It was 11 years ago that we started discussing the turnaround for apartments. Then, in January 2011, I attended the NMHC Apartment Strategies Conference in Palm Springs, and the atmosphere was very positive.
NOTE: This graph uses the Vintage 2019 estimates. There are questions about these estimates, and we will have much better data when the 2020 Decennial Census data is released.
This graph shows the longer term trend for three key age groups: 20 to 29, 25 to 34, and 30 to 39 (the groups overlap).
This graph is from 1990 to 2060 (all data from BLS: current to 2060 is projected).
We can see the surge in the 20 to 29 age group last decade (red). Once this group exceeded the peak in earlier periods, there was an increase in apartment construction. This age group peaked in 2018 / 2019 (until the 2030s), and the 25 to 34 age group (orange, dashed) will peak around 2023.
For buying, the 30 to 39 age group (blue) is important (note: see Demographics and Behavior for some reasons for changing behavior). The population in this age group is increasing, and will increase further over this decade.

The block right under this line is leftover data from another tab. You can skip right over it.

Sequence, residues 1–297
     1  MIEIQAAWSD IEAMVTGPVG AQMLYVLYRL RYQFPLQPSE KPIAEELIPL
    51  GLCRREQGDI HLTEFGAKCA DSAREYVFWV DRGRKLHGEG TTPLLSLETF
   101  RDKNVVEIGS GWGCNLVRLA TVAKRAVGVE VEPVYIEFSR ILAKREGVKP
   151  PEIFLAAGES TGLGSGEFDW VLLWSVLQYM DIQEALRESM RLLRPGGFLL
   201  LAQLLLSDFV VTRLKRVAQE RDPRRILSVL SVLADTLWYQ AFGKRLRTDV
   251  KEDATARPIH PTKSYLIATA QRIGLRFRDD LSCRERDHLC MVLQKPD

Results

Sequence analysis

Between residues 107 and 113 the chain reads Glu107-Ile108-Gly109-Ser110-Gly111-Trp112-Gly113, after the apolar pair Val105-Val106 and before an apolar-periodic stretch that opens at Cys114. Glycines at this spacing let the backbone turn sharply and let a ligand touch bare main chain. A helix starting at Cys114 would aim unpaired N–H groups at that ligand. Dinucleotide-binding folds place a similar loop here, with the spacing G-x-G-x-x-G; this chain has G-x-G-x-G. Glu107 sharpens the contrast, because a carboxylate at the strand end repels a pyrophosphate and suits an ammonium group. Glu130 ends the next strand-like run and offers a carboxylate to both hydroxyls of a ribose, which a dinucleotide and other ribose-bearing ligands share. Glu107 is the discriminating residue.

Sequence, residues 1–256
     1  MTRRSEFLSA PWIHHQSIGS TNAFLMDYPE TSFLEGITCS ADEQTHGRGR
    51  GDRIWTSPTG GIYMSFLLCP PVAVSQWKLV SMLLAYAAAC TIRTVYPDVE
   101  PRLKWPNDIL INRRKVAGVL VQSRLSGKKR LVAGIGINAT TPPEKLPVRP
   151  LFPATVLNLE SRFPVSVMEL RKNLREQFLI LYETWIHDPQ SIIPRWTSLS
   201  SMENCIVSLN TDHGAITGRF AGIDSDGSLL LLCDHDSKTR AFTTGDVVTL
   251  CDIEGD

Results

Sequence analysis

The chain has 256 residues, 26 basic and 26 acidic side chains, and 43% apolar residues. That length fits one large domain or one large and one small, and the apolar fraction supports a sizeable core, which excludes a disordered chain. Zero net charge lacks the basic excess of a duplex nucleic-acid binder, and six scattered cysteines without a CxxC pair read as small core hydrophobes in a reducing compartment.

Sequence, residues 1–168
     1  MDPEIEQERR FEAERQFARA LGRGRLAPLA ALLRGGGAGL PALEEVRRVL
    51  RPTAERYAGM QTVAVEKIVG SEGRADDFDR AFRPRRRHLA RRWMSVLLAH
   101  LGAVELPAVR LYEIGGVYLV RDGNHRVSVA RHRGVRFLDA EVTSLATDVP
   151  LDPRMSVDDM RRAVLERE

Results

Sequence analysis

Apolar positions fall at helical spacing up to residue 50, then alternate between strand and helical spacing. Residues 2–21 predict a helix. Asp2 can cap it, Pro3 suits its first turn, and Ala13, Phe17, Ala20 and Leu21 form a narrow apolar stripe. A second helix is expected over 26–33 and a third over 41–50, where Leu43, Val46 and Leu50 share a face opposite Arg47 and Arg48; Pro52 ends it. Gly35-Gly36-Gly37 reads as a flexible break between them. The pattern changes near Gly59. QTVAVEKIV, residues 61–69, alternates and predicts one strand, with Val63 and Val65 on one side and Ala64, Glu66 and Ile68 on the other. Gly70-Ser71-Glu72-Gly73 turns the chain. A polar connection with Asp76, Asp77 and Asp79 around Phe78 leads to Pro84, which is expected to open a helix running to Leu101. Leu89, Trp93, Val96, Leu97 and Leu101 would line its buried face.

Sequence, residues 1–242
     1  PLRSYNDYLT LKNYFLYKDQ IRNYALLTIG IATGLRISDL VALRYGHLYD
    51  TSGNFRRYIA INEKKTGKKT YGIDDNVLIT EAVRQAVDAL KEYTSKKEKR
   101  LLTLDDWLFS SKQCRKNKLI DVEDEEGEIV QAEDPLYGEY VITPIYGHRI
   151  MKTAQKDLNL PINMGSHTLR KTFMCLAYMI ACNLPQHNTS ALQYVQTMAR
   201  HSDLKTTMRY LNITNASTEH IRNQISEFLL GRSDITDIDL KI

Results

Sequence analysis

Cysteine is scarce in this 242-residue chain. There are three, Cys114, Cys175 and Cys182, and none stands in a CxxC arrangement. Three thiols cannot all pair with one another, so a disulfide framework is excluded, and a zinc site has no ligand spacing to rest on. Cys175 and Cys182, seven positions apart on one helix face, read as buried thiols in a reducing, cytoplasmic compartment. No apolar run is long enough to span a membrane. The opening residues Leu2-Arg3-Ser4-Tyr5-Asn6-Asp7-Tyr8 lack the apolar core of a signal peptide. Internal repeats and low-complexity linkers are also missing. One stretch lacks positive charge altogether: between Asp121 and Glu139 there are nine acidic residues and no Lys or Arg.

The current demographics are now very favorable for home buying – and will remain positive for most of the decade.
The next big housing shift will be when the Baby Boom generation starts to downsize and move to retirement communities. No cohort is monolithic – some people will age-in-place until they pass away, others will move in with family (or family will move in with their parents), and some will move to retirement communities.
There is no magic age that people reach and start to transition, but looking at prior generations, it seems to start when people are around 80 years old.
This graph is from 2010 to 2060 (all data from BLS: current to 2060 is projected).